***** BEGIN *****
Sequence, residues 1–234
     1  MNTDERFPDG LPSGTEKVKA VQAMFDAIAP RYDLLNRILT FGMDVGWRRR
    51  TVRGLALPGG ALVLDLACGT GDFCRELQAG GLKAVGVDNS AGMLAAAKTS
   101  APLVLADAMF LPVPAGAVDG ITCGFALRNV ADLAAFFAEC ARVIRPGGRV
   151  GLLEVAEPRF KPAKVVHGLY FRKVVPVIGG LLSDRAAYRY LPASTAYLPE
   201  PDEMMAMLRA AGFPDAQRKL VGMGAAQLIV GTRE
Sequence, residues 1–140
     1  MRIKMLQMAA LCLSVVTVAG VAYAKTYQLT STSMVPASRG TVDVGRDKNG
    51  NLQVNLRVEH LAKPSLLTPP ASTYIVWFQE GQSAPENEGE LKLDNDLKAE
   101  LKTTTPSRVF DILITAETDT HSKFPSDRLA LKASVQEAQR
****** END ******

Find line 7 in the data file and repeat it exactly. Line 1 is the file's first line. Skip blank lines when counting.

Sequence, residues 1–140